Law360 reviewed the landscape of 2016 consumer protection litigation, focusing in part on the Volkswagen diesel emissions fraud scandal and the more than 500 lawsuits filed on behalf of affected Volkswagen Porsche and Audi owners nationwide harmed by the company’s installation of scamming software designed to bypass federal emissions standards in its 2.0-liter diesel vehicles.
In December 2015, the U.S. Judicial Panel on Multidistrict Litigation moved the U.S. lawsuits to California federal court. Ever since the discovery of the software-driven fraud in mid-2015, the automaker has been flooded with litigation and government fraud investigations worldwide.
Lieff Cabraser partner Jonathan Selbin spoke with Law360 about the case, noting it illustrates that economic loss class actions aren’t just trumped-up, “no injury” claims, an idea often put forth by manufacturers and defense attorneys.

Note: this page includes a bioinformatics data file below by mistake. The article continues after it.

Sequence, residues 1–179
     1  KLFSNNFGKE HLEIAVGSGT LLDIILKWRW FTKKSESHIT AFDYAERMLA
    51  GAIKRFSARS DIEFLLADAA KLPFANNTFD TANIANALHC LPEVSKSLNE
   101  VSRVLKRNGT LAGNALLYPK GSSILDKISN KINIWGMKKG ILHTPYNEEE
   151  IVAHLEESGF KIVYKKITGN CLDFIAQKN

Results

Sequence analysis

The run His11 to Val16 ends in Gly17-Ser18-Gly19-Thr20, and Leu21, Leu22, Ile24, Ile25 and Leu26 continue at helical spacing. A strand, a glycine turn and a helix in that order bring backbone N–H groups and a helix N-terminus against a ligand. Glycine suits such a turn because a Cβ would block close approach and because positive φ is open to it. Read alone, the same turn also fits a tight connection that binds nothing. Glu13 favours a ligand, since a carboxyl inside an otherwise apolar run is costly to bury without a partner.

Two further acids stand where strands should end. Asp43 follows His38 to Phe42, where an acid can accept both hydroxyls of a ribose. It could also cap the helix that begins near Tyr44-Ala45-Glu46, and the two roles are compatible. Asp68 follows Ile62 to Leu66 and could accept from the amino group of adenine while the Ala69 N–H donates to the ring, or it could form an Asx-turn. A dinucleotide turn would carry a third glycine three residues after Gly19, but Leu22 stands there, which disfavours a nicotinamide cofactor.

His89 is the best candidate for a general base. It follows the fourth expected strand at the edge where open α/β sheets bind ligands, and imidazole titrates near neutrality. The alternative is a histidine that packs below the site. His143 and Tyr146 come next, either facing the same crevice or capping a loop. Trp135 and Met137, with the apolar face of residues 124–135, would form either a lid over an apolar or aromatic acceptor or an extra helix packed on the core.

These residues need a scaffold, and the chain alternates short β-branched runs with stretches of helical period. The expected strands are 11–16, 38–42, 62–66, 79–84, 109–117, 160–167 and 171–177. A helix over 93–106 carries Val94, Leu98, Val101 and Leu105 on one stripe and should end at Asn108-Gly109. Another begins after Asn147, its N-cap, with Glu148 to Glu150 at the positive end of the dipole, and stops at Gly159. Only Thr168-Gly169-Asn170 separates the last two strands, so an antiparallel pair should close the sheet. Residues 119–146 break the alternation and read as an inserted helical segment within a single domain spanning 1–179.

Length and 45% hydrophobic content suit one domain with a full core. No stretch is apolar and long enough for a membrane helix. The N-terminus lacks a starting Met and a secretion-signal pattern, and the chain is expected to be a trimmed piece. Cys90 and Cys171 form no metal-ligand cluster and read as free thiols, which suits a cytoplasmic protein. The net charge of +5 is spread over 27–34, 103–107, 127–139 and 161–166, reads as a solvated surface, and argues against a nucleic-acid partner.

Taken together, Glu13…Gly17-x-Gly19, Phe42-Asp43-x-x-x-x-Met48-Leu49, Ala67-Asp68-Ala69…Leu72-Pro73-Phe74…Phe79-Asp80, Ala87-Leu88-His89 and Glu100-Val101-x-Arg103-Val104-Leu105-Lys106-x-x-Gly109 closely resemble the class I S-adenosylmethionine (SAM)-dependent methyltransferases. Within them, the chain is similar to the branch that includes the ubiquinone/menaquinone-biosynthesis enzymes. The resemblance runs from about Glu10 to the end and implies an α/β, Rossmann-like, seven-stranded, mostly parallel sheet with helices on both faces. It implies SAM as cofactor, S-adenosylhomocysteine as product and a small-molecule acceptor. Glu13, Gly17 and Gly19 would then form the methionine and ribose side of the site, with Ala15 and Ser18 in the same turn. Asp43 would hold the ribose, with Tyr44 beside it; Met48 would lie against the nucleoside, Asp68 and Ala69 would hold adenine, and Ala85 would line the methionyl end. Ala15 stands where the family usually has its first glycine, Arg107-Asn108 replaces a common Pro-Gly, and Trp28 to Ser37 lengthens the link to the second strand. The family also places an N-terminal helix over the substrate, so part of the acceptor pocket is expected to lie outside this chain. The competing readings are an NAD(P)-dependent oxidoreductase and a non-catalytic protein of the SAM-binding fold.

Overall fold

“They pretend that no corporation would ever knowingly act to defraud its consumers or deprive them of their bargain,” Selbin said. “The significance of VW, to me, is it belies all that in terms everyone can plainly understand. Because the truth is that some companies do sometimes knowingly lie to their consumers about the products they sell them, and class actions are the only way to keep them honest in a system like ours that lacks real government oversight with teeth on the front end,” Selbin concluded.
Volkswagen has admitted to using the software in about 11 million vehicles globally, and two company CEOs have stepped down since the scandal broke. Thousands of VW drivers have hit the automaker with proposed group lawsuits worldwide, many of which seek damages for significant loss of value of their cars.
As Law360 noted, the carmaker said on December 10, 2015 that it installed the software because it initially concluded that meeting the U.S.’ strict emissions standards was “impossible.”